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Ever try to teach an older or luddite relative how to use some form of technology for the first time? Of course, we’ve all been there. It can be frustrating, painfully unfruitful, and a precarious balancing act, bridging the communication gap between parties and their connections to cultural references in order for any meaningful connection to occur — a bridge that widens with each year of age difference.

But while experts, academics, media, and business leaders continue to research millennials as a demographic “in the wild” and compare them to baby boomers, generally dismissive of these two generations ever finding any real common ground, the elderly and the young are busy doing something surprising: They’re connecting. To each other. Over tech. And not only loving it, but realizing they’re more alike than they think.

On June 1, in celebration of Intergenerational Day, a heartwarming video suddenly went viral illustrating a new movement that’s currently having a radical and growing impact on society: Millennials mentoring baby boomers, and in some cases, even starting businesses together. On social and business levels, this is very good partnership news, not only because millennials will become the majority of the workforce by 2025 and 8,000 boomers reach retirement age every day (AARP), but because a new report from the Kaufmann Foundation shows that millennials are retreating from entrepreneurship while boomers are now twice as likely to start a company, the latter supported by new networking groups like Startup50Plus.

In the trailer for the award-winning 2014 documentary Cyber Seniors, recently released on Netflix and the subject of this week’s viral video, director Saffron Cassaday follows a group of elderly retirees in their 80s and 90s. The video documents how teenage millennial volunteers connect with seniors in order to mentor them on using technology to improve their daily lives. The surprising result is that seniors are not slow to learn simple technological tasks and, to the contrary, go full speed ahead, wholly embracing every aspect of digital life — even as the millennials become addicted to those actual human interactions with their elders.

One of the high school volunteers says, “They learn a lot from me and I learn a lot from them, and I think I’m actually learning from this that I like older people more than I like younger people.” Another points out, “This is the biggest generational gap ever, and I don’t think there will be one like it ever again. In one way we’ve lost personal connections, but we’ve made up for it with technology.”

The biggest divide between these two gargantuan cohorts, aside from simply age difference, always comes down to their relationship with technology, but a slew of new millennial-led businesses and community programs have popped up to leverage millennials’ native know-how as mentors for aging boomers, bridging the so-called digital divide and responding to the fact that there are fewer and fewer opportunities for senior citizens and millennials to encounter one another in daily life.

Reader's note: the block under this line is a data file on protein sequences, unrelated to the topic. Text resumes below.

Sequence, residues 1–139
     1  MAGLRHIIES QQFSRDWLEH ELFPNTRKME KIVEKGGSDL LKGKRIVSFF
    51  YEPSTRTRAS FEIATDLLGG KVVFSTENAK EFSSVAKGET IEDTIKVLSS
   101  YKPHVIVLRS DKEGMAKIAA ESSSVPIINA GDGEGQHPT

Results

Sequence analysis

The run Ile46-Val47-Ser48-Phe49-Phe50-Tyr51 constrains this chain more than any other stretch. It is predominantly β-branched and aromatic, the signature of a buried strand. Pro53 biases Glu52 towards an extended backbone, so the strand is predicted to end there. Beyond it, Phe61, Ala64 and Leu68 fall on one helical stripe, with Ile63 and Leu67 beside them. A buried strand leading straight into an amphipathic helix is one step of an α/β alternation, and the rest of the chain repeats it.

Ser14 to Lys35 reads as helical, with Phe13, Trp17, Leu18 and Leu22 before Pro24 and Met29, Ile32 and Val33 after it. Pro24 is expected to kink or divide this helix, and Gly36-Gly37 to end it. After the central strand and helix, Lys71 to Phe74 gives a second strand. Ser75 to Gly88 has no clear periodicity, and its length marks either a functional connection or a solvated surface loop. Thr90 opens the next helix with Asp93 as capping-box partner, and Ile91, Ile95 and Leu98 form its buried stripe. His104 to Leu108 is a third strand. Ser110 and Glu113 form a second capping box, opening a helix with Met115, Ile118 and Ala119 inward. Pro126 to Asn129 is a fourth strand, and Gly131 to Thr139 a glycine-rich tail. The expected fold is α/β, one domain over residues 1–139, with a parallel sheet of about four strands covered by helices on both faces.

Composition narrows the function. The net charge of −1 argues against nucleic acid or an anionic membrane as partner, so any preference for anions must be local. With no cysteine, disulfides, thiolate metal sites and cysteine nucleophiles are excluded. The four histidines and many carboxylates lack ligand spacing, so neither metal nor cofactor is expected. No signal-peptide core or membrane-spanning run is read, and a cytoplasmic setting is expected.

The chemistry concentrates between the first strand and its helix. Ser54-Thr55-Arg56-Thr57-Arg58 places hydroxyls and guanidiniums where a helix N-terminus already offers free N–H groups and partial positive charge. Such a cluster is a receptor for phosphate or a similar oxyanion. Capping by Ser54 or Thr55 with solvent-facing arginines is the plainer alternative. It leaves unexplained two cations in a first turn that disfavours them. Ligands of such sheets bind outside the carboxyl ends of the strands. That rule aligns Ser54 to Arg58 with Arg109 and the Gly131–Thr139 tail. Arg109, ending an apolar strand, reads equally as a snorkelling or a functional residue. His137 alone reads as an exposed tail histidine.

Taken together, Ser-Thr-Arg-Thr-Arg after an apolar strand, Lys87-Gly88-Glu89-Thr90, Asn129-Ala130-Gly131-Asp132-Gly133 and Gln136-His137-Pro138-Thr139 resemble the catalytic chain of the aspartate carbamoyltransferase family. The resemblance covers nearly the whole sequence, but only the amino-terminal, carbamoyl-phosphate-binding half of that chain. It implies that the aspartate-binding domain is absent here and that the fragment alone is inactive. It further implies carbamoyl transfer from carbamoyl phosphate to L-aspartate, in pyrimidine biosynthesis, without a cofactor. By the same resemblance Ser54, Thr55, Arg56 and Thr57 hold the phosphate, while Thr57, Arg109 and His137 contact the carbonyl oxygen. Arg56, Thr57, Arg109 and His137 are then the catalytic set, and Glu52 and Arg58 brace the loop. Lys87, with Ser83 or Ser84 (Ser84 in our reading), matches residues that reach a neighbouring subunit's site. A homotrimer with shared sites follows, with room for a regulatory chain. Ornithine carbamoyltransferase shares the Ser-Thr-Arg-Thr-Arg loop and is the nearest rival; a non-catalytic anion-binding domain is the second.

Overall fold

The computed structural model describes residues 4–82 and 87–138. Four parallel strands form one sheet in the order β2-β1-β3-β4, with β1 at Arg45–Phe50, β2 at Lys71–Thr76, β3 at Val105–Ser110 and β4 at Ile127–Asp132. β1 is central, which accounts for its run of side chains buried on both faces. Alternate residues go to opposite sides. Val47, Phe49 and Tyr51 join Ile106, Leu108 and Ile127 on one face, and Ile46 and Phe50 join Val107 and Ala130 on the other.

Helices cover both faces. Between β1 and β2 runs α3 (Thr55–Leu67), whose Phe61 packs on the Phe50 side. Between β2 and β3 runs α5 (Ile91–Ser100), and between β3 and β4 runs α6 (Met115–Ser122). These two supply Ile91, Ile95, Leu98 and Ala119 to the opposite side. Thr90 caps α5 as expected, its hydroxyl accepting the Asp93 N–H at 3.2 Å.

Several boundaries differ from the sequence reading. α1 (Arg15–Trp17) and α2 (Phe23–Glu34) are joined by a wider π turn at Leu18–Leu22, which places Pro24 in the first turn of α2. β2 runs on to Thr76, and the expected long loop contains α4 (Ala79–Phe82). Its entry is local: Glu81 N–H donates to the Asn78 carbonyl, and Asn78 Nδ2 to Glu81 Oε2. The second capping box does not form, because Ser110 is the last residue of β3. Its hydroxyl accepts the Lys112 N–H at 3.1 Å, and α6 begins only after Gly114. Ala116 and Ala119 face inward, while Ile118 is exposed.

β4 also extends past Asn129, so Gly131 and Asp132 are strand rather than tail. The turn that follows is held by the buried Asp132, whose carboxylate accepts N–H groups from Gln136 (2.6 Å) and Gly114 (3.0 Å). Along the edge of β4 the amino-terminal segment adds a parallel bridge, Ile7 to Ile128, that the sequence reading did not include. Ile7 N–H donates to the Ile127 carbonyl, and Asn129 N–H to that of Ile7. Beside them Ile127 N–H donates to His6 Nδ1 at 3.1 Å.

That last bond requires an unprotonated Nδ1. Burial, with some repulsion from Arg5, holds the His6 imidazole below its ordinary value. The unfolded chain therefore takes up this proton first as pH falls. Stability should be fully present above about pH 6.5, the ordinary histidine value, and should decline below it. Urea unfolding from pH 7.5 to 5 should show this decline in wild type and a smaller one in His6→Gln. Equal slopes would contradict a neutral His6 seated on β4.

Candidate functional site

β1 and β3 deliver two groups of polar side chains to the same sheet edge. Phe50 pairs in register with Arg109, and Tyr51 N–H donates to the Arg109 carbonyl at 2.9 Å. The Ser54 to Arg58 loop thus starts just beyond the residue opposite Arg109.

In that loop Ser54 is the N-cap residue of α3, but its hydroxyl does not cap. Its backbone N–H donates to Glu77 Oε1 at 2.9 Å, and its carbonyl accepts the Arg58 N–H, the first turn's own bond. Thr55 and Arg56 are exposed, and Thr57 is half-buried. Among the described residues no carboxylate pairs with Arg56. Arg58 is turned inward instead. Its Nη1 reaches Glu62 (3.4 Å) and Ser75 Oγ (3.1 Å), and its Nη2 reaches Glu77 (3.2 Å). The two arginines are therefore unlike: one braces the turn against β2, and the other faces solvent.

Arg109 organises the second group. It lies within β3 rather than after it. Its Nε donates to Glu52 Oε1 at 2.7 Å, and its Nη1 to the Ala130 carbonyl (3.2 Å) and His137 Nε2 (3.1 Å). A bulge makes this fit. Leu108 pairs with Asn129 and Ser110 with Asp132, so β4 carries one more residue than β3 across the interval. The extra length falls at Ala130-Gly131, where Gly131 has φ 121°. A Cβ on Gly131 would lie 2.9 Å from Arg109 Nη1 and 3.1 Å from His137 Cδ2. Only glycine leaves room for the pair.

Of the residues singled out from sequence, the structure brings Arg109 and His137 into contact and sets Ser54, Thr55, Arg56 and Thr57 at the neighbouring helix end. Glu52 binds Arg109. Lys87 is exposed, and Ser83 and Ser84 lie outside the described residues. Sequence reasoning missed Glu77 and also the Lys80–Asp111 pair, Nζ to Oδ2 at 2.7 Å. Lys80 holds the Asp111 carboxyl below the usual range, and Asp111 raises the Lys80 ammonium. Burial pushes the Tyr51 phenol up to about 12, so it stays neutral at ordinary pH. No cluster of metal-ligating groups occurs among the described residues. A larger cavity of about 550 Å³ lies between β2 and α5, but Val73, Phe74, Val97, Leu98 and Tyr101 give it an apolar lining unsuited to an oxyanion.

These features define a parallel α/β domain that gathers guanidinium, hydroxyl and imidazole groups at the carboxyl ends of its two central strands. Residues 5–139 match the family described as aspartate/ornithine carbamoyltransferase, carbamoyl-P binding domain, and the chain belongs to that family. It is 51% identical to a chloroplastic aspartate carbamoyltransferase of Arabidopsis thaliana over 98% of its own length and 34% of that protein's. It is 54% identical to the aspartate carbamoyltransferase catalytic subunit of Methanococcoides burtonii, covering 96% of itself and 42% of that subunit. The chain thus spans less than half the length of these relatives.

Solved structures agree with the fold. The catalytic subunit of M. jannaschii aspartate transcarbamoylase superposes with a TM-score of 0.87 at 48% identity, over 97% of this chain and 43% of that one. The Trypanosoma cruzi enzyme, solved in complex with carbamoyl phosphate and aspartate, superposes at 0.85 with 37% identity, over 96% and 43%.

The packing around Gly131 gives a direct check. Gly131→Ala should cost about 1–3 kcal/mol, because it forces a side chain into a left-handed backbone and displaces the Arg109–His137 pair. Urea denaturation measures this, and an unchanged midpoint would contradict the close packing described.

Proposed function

A slew of new businesses have popped up to leverage millennials' native know-how for aging boomers.


One such millennial-founded business created to improve the lives of boomers is Denver-based Capable Living, a 5-year-old concierge service that matches millennials with seniors who are aging in place, much like peer-to-peer services such as Instacart or TaskRabbit. CEO Amanda Cavaleri recently told PBS News Hour that she now actively encourages her millennial peers to start businesses to help boomers.

Much like Coursera or Skillshare but for seniors, Techboomers is another startup created by millennials for seniors — an education and discovery website providing free tutorials of popular Internet-based tools and services in a way that’s more accessible to older adults. Founded by Canadian serial entrepreneur and millennial Steve Black, Techboomers’ team offers lessons on social networks such as Facebook and Twitter, online shopping marketplaces such as Amazon, travel booking sites, general tools for living like how to use Google Search, and additional online tutorials that answer questions anyone new to the Internet might have.

The real-world impact online is already apparent, like Twitter sensation and 80-year-old grandma J. Dimps” — short for dimples — who’s on a quest to gain 80,000 followers. She originally joined Twitter with the help of 24-year-old millennial grandson Donny Brandefine.

“Well, it was getting a little boring, so he came over and we tried to figure out something to keep me busy,” she says. “We came up with this idea, and it’s been good.” Brandefine — who Dimps calls “my right arm” — says his grandmother has always had a rambunctious personality and that she’s taken her online celebrity acquaintances in stride. A list called MyAdoptedGrandchildren contains more than 300 celebrities she’s interacted with on Twitter.

April Lane is a freelance writer.